By Anthony Diosdi
In the individual foreign investor setting, inbound tax planning often requires a balancing of U.S. income tax considerations and U.S. federal gift and estate tax considerations. While U.S. federal income tax rates on the taxable income of an individual foreign investor are the same as those applicable to a U.S. citizen or resident, the federal estate and gift tax as applied to individual foreign investors can and often results in a dramatically higher burden on a taxable U.S. estate or donative transfer of a foreign investor than for a U.S. citizen or domiciliary. As a result, for many individual foreign investors, the most important U.S. tax consideration is the U.S. federal estate and gift taxation.
The United States imposes estate and gift taxes on certain transfers of U.S. situs property by “nonresident citizens of the United States.” In other words, individual foreign investors may be subject to the U.S. estate and gift tax on their investments in the United States. The U.S. estate and gift tax is assessed at a rate of 18 to 40 percent of the value of an estate or donative transfer. An individual foreign investor’s U.S. taxable estate or donative transfer is subject to the same estate tax rates and gift tax rates applicable to U.S. citizens or residents, but with a substantially lower unified credit. The current unified credit for individual foreign investors or nonresident alien is equivalent to a $60,000 exemption, unless an applicable treaty allows a greater credit. U.S. citizens and resident individuals are provided with a far more generous unified credit from the estate and gift tax. U.S. citizens and resident individuals are permitted a unified credit of $11,400,000.
For U.S. citizens and residents that may be subject to the estate and gift tax, there are a number of planning opportunities available to mitigate the harsh consequences of the tax. Probably the most common planning option to mitigate the estate and gift tax is the use of a marital deduction. A marital deduction allows an individual to transfer an unrestricted amount of assets to his or her spouse at any time, included at the death of the transferor, free from estate taxes. The rules regarding marital deductions are significantly different for nonresidents. Even if the decedent is a U.S. citizen, the current unlimited marital deduction for property passing to the spouse at death does not apply to property passing to a noncitizen spouse unless the property passes through a Qualified Domestic Trust (“QDOT”) device.
The consequence of a QDOT is that a tax is payable by the trust on distributions at the surviving spouse’s death, and on distributions of principal during the surviving spouse’s life (whether to the spouse or anyone else), calculated as if the distributed amount and any earlier amounts distributed from the QDOT had been added to the original decedent’s estate. If the trust ceases to qualify as a QDOT, the estate tax becomes due and payable. In contrast, for a U.S. citizen surviving spouse, the marital deduction totally defers the estate tax on the first decedent property passing to the surviving spouse until the death of the surviving spouse, and does not impose tax at all on such property to the extent that the surviving spouse spends it or otherwise disposes of its prior to death. The QDOT is a relatively poor equivalent of the marital deduction, but for taxable estates it may be the only alternative to immediate taxation where a favorable treaty does not apply.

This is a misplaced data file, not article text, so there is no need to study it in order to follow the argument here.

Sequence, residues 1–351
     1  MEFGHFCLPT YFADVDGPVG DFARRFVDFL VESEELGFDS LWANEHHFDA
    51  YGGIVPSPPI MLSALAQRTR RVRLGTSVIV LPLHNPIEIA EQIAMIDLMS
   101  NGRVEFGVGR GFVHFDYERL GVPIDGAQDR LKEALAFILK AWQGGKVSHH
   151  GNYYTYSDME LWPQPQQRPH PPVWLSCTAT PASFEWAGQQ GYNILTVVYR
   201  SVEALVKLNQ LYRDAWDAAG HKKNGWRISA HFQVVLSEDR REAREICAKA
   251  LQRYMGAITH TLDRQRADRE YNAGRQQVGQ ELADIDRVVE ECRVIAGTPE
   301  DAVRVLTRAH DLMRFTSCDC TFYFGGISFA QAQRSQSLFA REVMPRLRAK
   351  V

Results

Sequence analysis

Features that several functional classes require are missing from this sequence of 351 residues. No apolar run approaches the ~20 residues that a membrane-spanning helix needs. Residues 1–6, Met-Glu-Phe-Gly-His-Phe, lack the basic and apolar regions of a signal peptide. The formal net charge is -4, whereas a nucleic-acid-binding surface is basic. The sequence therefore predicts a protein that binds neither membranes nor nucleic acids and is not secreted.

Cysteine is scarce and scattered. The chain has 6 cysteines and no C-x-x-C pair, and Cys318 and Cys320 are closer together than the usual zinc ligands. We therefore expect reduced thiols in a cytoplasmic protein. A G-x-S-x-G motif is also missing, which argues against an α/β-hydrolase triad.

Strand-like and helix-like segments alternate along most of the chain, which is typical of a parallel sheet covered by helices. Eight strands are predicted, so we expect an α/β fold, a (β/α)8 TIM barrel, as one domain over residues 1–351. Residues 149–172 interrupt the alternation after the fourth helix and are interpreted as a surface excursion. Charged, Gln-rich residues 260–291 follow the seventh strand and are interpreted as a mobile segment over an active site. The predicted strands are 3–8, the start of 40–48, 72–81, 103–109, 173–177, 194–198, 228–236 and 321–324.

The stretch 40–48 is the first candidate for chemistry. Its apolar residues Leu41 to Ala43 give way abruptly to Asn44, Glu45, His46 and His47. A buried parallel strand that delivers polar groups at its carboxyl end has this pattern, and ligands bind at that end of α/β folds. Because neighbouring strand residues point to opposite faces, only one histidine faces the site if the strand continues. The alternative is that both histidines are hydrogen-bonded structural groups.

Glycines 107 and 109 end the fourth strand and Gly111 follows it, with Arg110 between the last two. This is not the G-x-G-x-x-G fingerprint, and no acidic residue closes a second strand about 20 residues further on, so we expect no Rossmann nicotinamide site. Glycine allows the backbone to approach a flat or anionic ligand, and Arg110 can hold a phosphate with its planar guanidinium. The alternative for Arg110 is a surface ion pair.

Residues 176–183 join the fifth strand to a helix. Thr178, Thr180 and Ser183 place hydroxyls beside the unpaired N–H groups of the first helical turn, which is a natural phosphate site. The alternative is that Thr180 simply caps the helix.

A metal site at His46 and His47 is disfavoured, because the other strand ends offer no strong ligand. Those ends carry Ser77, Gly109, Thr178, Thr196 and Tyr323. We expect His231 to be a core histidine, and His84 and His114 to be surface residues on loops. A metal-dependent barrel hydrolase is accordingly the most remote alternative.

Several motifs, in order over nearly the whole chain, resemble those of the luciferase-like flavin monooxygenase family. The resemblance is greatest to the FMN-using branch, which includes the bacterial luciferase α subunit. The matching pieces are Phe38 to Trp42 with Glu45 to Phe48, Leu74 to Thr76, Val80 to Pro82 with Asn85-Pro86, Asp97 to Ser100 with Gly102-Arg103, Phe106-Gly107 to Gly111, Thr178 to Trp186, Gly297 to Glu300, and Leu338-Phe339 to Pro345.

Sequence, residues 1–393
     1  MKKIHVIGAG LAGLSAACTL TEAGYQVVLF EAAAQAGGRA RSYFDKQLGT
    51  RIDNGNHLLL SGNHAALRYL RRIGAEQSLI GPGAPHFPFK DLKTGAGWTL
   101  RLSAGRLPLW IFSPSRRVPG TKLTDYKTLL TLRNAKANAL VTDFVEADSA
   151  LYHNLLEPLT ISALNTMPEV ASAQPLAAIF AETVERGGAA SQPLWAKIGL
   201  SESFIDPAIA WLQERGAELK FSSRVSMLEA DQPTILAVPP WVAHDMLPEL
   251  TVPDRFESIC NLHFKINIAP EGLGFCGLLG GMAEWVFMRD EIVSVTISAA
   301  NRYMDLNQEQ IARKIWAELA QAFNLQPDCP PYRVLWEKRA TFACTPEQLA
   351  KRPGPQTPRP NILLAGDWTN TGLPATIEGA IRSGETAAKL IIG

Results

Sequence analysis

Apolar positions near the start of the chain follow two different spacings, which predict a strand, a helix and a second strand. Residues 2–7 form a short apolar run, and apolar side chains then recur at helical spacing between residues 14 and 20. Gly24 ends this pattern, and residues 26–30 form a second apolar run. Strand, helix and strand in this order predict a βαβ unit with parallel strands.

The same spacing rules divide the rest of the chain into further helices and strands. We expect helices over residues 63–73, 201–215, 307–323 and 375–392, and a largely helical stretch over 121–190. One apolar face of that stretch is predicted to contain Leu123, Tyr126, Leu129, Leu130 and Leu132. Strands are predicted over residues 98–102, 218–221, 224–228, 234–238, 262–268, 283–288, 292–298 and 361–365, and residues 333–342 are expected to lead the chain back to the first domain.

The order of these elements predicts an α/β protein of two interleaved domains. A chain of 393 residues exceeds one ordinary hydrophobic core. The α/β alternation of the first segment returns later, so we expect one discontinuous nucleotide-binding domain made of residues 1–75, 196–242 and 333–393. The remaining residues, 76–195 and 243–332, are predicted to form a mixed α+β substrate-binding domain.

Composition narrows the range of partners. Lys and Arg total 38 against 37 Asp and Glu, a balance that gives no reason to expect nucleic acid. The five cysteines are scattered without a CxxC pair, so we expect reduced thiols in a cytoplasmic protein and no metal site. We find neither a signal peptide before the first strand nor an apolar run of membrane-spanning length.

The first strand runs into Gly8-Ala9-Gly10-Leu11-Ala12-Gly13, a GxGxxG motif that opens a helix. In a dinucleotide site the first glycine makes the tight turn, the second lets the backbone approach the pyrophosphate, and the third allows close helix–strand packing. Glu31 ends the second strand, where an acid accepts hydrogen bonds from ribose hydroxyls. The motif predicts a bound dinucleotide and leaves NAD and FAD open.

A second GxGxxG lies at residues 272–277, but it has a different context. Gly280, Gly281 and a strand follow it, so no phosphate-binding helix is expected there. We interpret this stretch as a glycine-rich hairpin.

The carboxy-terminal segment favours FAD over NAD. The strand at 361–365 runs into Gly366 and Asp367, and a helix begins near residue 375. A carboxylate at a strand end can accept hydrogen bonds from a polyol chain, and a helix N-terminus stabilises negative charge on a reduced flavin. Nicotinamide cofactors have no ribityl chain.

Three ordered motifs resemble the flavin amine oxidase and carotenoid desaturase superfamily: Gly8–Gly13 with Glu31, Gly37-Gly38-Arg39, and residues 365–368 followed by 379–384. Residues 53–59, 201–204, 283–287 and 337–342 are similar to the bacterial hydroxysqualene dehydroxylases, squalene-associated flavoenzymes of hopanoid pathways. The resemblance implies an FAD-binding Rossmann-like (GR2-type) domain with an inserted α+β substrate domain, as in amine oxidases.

Do all Foreign Investors Need to be Concerned About the U.S. Estate and Gift Tax?
Given the low threshold at which the estate and gift tax may be imposed, any foreigner investing in the U.S. must determine if they can be subject to the tax. In order for foreign investors to understand if they could be subject to the U.S. estate and gift tax, they must first understand the terminology and definitions associated with this extremely harsh tax. The most important concept which a foreign investor must understand for purposes of the estate and gift tax is “domicile.” A foreigner will not be taxed as a nonresident for purposes of the estate and gift tax if they are domiciled in the U.S. For U.S. estate and gift tax, the term “residency” means “domicile.” While the U.S. federal income tax concept of residency relates only to physical presence in a place for more than a transitory period of time, domicile relates to a permanent place of abode. For U.S. federal estate tax purposes a person can only have one place of domicile, while for U.S. federal income tax purposes there may be more than one place of residence.
While an alien may be classified as a (permanent) resident alien for immigration purposes and treated as a resident for U.S. federal tax purposes, these classifications are not determinative of the alien’s domicile for U.S. federal estate and gift tax purposes. Although the definition of residency for income tax purposes has been made substantially objective, the concept of domicile still is extremely subjective, focusing on the intentions of the alien as manifested through certain lifestyle-related facts.
The estate and gift tax regulations offer a general indication of the definition of domicile, stating that:
“a person acquires a domicile in a place by living there, even if for a brief period of time, with no definite present intention of later removing therefrom. Residence without intention to remain indefinitely will not suffice to constitute domicile, nor will Intention to change domicile effect such a change unless accompanied by actual removal.” See Treas. Regs. Sections 20.0-1(b)(1) and 25.2501-1(b).
Thus, to be domiciled in the United States, physical presence must be coupled with the requisite. If a foreign investor is not domiciled in the United States (they do not have physical presence in the U.S. coupled with an intention to remain in the U.S.), the foreign investor will likely be subject to the nonresident U.S. estate and gift tax.